The WA Opposition says separated families have been left with no hope of reuniting for Christmas, after the Prime Minister confirmed all states and territories except WA had agreed in principle to open their borders by the holidays.
“This offers no pathway or hope for them,” Opposition Leader Liza Harvey said.
“We need to find a compassionate and safe way to bring all Western Australians home and try to reunite our families again.”
Ms Harvey called for the WA Government to offer more ways for families to reunite and said months of separation would have long-term mental health ramifications.
While Ms Harvey would not be drawn on a date for opening the border because she said the Premier had not given her all the health advice, she wanted to see more options for border-torn families.
“In Western Australia we’ve been given two choices: The virus or the border,” Ms Harvey said.
“There are ways to manage this but we’re not being given any options … and I think that’s very distressing for the families that are separated.”
Borders a matter for McGowan: PM
All state and territory leaders except WA Premier Mark McGowan signed up to the plan to remove border restrictions by Christmas last month.
At Friday’s National Cabinet meeting, Prime Minister Scott Morrison said those jurisdictions affirmed their commitment.
“By Christmas of this year certainly seven out of the eight states and territories will be open and that will be a great day for Australia,” he said.
“You never know, it might be eight.”
However, he said WA’s “special circumstances”, including the nature of its economy, had led it to take a different approach.
“The [WA] Premier continues to maintain his position on that, that’s a matter for him,” Mr Morrison said.
Mr Morrison said WA would take an extra 140 international arrivals from next month, while Queensland will accept a further 150.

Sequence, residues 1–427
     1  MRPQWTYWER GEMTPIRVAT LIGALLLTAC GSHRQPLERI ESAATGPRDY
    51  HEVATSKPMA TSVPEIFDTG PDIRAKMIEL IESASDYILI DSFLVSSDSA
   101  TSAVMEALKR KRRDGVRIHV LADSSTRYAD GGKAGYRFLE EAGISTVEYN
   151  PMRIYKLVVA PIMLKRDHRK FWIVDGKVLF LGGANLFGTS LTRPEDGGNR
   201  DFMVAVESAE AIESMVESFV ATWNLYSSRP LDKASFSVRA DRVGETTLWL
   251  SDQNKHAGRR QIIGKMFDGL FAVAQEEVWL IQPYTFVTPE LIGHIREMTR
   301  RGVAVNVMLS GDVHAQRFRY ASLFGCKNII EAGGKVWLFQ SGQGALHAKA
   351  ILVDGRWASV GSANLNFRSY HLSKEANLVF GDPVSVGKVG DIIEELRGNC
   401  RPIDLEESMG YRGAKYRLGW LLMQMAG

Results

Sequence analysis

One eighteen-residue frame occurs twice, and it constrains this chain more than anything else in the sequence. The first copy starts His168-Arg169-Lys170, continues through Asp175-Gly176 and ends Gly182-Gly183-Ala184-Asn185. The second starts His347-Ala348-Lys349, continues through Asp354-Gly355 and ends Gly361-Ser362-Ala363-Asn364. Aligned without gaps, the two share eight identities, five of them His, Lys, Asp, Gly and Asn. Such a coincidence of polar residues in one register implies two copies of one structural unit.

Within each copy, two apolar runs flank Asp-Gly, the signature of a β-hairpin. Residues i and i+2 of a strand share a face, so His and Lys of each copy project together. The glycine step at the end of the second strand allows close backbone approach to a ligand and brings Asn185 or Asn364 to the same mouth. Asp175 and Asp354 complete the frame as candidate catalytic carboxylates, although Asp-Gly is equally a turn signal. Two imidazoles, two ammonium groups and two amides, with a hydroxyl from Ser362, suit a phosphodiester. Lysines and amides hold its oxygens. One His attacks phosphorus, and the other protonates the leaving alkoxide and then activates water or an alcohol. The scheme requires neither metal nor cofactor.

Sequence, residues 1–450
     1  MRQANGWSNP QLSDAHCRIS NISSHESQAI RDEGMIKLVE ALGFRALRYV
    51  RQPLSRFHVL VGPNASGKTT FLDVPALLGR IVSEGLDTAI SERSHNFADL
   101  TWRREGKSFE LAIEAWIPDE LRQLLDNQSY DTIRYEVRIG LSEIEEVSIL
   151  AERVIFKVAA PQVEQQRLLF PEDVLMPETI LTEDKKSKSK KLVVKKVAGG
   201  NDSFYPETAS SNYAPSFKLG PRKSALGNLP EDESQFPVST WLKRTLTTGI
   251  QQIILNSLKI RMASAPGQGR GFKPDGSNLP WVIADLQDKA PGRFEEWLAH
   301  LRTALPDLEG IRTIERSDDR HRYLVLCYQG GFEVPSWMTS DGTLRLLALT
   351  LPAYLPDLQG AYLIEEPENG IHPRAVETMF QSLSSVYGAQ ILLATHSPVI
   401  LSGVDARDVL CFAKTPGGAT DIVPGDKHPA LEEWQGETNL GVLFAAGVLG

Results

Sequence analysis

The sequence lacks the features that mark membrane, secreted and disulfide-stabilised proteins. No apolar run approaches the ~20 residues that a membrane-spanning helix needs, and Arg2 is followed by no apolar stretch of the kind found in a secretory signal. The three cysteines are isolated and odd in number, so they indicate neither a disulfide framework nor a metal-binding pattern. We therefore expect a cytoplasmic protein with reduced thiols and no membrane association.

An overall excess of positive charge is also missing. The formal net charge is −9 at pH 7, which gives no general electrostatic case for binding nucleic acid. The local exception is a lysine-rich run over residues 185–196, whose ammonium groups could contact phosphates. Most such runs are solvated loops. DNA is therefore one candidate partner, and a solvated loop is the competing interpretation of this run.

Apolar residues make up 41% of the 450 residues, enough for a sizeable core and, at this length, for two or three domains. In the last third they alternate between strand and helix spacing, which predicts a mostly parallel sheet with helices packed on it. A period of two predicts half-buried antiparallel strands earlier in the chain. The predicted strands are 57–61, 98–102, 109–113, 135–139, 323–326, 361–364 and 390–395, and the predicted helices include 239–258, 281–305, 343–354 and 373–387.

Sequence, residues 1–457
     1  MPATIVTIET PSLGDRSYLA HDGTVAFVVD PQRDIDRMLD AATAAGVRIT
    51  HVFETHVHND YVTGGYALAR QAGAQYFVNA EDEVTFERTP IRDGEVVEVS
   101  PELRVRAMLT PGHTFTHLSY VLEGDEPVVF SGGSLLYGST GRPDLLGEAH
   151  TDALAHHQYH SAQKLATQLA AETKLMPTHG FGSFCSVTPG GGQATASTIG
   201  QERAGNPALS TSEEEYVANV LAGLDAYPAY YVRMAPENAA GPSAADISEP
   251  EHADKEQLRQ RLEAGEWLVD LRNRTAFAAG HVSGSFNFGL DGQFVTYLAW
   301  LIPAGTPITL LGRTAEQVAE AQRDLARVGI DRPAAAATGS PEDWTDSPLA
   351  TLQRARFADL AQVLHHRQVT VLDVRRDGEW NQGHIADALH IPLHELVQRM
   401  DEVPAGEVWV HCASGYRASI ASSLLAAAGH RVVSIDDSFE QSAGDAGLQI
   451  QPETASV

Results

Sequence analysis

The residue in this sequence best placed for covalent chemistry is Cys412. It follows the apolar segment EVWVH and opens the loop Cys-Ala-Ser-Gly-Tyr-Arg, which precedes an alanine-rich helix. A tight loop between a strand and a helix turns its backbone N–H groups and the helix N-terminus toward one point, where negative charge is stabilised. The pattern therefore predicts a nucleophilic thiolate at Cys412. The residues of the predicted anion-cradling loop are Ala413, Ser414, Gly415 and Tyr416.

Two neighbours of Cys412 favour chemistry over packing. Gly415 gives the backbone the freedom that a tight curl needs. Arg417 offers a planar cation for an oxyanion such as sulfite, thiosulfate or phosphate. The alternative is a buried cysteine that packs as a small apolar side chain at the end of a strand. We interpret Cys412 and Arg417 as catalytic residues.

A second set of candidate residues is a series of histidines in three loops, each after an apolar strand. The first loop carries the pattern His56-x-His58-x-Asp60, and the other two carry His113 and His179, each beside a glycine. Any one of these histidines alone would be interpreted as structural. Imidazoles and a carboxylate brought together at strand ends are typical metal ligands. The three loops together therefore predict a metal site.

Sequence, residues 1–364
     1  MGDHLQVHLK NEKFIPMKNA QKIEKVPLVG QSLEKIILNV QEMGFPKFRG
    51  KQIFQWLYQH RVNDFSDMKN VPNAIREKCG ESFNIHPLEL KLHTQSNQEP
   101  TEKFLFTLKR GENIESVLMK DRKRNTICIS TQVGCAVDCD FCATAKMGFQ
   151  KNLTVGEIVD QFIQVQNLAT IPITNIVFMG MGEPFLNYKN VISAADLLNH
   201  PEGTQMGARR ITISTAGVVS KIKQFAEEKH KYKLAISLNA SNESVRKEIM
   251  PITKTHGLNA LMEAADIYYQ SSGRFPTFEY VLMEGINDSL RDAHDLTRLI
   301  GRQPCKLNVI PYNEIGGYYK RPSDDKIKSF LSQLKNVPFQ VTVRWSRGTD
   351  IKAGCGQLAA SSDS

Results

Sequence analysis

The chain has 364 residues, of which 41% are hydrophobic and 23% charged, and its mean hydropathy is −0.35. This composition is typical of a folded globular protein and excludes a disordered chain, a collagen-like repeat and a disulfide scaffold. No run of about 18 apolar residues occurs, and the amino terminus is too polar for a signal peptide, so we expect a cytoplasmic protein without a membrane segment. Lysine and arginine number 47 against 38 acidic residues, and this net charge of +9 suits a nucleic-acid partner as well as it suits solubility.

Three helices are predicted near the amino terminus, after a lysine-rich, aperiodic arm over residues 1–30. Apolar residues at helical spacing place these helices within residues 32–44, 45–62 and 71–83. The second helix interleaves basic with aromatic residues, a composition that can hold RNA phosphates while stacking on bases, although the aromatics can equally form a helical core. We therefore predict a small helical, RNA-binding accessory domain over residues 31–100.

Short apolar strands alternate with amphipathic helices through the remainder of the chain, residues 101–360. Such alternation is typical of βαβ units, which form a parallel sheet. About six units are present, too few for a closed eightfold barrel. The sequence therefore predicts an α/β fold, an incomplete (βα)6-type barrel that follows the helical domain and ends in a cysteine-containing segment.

However, he said WA had only agreed to the Federal Government’s plan with “great reservations”.
When National Cabinet committed to the goal in September, more than 26,000 overseas Australians had registered to return home, Mr Morrison said.
“It’s our goal to get those 26,000 [people] home by Christmas but that will be dependent on … flights, on quarantine, on cooperation from state and territory government,” he said.
Closed border based on health advice: Premier
Mr McGowan did not hold a press conference after National Cabinet, but released a statement that said WA would not rush to meet an “artificial deadline” on reopening its border.
“Throughout the pandemic, our decisions have been based solely on the advice of the Chief Health Officer, in the interest of all Western Australians,” he said.
“This approach has worked, and making a rushed decision against health advice to meet an artificial deadline is not in the interest of all Western Australians.”
Mr McGowan backed the Prime Minister’s acknowledgement that WA was in a “special” position because of its economy and six-month record of no COVID-19 community transmission.
The State Government said health advice was being regularly reviewed and updated.
More ship crew in hotel quarantine
Two more crew members from the Al Messilah livestock carrier were taken off the ship overnight, taking to 39 the number of crew in hotel quarantine and leaving 14 on board the ship docked at Fremantle.
One crew member remains in hospital.
Meanwhile, no more crew have been taken off the Key Integrity as deep cleaning of the ship takes place.
Eight crew from that vessel remain in hotel quarantine, while six are still on board.
There have been four COVID-19 outbreaks on ships in WA waters in just three weeks.
Six new coronavirus cases in WA
WA also recorded six new cases of COVID-19 overnight, including one man who was taken to hospital.
The Department of Health said they were all males aged between 26 and 54 who have returned from overseas.
WA Health said there were now 52 active COVID-19 cases in the state.